YOUR TAXES: A SPECIAL REPORT : TAX SHELTERS : Strict Rules Govern Those That Have Survived

Times Staff Writer

In its quest for greater fairness, the Tax Reform Act of 1986 eliminated many of the rules that had made real estate and other tax shelters a cherished part of the investment strategy of many Americans.

The impact of the 1986 changes will be felt with greater force this year. It will be compounded by other changes, added by Congress in the final days of its 1987 session, that robbed the shelters of some of their remaining attraction.

And, as if that bad news weren’t enough, this year the rules governing use of such shelters have been made longer and more complicated.


“These days, people need to take a hard look at whether these kinds of investments are really of benefit to them at all,” said Robert Heier, an investment adviser in Reston, Va. “Now it’s a question of weighing their value entirely on the income they can produce, compared to other investments.”

The advantage of the shelters lay, of course, in their ability to generate tax losses that an investor could use to reduce his taxable income from salary, interest, dividends or other sources. In the early 1980s, in particular, investors flocked to real estate partnerships, oil and gas shelters and similar deals that, in some cases, offered deductions totaling three or more times what the individual invested.

The shelters produced tax losses to the extent that their deductible business expenses exceeded their income. (A particular advantage of these deals was that some of their expenses were non-cash, bookkeeping charges such as depreciation; they were not out-of-pocket expenses for the investor.)

But the shelter business’s palmy days ended abruptly in 1986, when Congress sharply limited the extent to which the losses could be used to offset income. The new law said tax shelter losses, or “passive” activity losses, could be deducted only against income from other passive activities--not against ordinary income from wages and salaries or “portfolio” income from interest and dividends.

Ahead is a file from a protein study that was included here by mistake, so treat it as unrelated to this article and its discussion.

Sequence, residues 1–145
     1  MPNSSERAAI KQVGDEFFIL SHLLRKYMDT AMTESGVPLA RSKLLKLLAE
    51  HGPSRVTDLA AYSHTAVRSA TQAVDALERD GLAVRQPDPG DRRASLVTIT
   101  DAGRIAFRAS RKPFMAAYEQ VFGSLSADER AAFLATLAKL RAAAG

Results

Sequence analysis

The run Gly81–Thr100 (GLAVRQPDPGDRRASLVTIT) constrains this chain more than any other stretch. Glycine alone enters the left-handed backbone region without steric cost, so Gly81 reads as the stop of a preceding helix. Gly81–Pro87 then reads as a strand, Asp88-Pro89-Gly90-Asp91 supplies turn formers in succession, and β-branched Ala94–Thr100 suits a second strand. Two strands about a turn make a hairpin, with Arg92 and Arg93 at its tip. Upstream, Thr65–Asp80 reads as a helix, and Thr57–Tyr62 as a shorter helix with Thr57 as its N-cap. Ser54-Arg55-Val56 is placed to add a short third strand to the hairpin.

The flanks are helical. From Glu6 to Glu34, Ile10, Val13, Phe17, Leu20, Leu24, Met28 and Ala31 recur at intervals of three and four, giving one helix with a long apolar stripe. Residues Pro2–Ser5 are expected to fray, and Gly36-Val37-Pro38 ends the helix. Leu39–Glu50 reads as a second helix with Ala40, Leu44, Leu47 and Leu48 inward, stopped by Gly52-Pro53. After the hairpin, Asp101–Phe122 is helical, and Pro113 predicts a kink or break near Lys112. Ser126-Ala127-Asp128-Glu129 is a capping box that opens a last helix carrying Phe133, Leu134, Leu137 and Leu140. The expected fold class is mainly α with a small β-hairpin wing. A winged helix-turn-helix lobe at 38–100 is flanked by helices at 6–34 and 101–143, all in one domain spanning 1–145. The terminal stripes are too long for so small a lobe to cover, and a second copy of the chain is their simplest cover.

Congress gave some limited protection to investors who had money in shelters before Oct. 23, 1986. The new law said these investors could still deduct against ordinary income a declining portion of their tax losses, from a 65% share this year to zero in 1991. And whatever losses were not used in the current year could be carried forward to later years or used to reduce the investor’s capital gain when he sells his stake in the partnership.

The effect of these new rules was to set off a stampede to income-oriented partnerships by investors who expected that earnings from these deals would be fully offset by losses from their early shelter investments.


But taxpayers who fled to the investments called master limited partnerships were in for yet another disappointment. At the end of 1987, Congress ruled that tax shelter losses could not be used to offset income produced by master limited partnerships.

These latest changes ruled that income from master limited partnerships would no longer be classified as passive but instead as “portfolio” income--the same category as investments in stocks and bonds. This rule was made effective for 1987 tax returns.

Investors in master limited partnerships are actually buying a security that represents a stake in a collection of assets, and the security is traded on stock exchanges. Shares in these partnerships have also been attractive because the income they generate is not subject to corporate but only to personal income taxes.

Since the 1987 changes did not exclude the sheltering of income from private real estate partnerships, however, big brokerages and real estate promoters have recently been busy setting up partnerships that generated income that could be sheltered by losses from earlier investments. In many cases, the promoters restructured partnerships that had been generating tax losses so that they now produced regular income distributions.

Such private partnerships usually promise returns of 4% to 12% annually.

The tax code still allows old-style writeoffs for losses from two kinds of real estate investments--rehabilitation and low-income housing projects. Losses on such projects can generate tax credits that can offset up to $25,000 of salary and other income.

Taxpayers with adjusted gross incomes of more than $200,000 are not entitled to receive the full credit, however. The tax code scales back the benefits for taxpayers with adjusted gross incomes of more than $200,000, reducing the benefit to zero when the taxpayer’s adjusted gross income reaches $250,000.


Taxpayers struggling to understand the ramifications of these tax-law changes also face the burden of added paper work. The Internal Revenue Service this year requires taxpayers with shelter losses to fill out Form 8582, which is six pages long and bristles with new and complicated terminology.

Some tax advisers predict, too, that many shelter managers will be slower in distributing the information that taxpayers will need this year, since many do not yet fully understand what the new law entails. Indeed, the IRS still must clarify some of the rules regarding use of shelters.

The effect of the tax law changes is dramatically evident in the statistics on investment in the partnerships. Investments in private real estate partnerships had trailed off to $1.5 billion last year from a robust $10.5 billion in 1984, according to Robert A. Stanger & Co., a New Jersey research firm.

Real estate master limited partnerships had declined to $473 million last year from $972 million in 1986, Stanger reported.